And even now there is debate as to are virus alive. After all they don't even have the traditional machinery we expect in a cell.

      So there is even a chance that we may not even recognise life when we see it sometimes cos it is so different from our current experiences and expectations.

      We are barely able to get stuff flying around our solar system, and its been decades since we even managed to send a human to our moon. I think that qualifies us as the clueless newbies when it comes to possibilities of space flight and life in space.

      No doubt from our limited knowledge and perspective, light speed is a huge problem. Let's wait a couple of centuries till we can actually confidently move humans around the solar system before we claim that there is nothing out there and there is nothing we/anyone/anything can do.

      1. sabroni Silver badge

        Re: Extraordinary claims require extraordinary proof.

        No. Extraordinary claims require proof. Your version sounds clever but simply means "I believe in the status quo".

        1. BOFH in Training

          Re: Extraordinary claims require extraordinary proof.

          Problem is, 40 years ago, a photo or video may have been considered as sufficient proof.

          Now, almost any image or video can be manipulated or even created from scratch. So yeah, proof has to be extraordinary enough so that most people will not claim it was faked.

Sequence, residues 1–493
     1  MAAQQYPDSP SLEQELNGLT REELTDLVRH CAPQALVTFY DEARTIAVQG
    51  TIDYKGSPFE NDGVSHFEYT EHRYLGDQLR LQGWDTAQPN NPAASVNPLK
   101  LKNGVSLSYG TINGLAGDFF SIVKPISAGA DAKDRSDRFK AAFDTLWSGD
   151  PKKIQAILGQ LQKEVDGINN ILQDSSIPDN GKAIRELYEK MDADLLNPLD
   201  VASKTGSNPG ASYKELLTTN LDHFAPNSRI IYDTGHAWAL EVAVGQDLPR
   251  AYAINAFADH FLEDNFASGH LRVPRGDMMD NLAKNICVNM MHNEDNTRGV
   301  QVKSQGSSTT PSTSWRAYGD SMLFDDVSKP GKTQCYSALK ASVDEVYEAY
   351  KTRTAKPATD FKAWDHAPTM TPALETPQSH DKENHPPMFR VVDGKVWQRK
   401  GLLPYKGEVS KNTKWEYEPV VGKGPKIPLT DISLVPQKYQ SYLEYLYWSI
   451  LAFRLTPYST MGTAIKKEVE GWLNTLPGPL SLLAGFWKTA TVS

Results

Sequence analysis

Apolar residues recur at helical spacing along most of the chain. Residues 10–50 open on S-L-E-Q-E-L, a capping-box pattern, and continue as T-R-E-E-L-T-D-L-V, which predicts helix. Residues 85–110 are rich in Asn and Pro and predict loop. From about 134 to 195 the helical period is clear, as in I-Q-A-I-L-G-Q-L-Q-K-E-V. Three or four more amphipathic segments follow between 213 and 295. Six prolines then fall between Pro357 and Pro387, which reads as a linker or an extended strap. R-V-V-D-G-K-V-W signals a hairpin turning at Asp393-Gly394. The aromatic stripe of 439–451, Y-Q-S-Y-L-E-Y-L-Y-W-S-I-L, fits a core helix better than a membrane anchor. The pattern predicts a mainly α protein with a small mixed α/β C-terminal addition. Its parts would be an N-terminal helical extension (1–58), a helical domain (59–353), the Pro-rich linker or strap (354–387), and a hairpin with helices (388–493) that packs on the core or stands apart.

1. Anonymous Coward
            Anonymous Coward

            Re: Extraordinary claims require extraordinary proof.

            40 years ago it was Reagan's era, just before Photoshop became available :-)

            It has been possible to doctor photos since the beginning of that technology...

      2. tiggity Silver badge

        Re: Cool

        @BOFH in Training

        "Some of the life in such areas don't even need oxygen."

        Many people speculate that the great oxidation event a couple of billion years ago (when available oxygen started to get "common", probably due to cyanobacteria or similar "early" oxygen producer organisms) likely wiped out swathes of anaerobic organisms, who knows how evolution of life on earth would have changed without the early oxygen producers

    4. Boris the Cockroach Silver badge

      Re: Cool

      Or even a basic DSLR camera... ok if its on auto any bright night image blurs out.... but if on the right night setting it will snap the UFO

      The problem comes in "What do they come here for?" an ordinary G2 star with a some rock planets and a couple of gas giants ? naww... intelligent life? wow... we've made nukes and spaceships and managed to land 12 men on the moon. impressive when they've just come 1500 light years in 30 minutes(or less).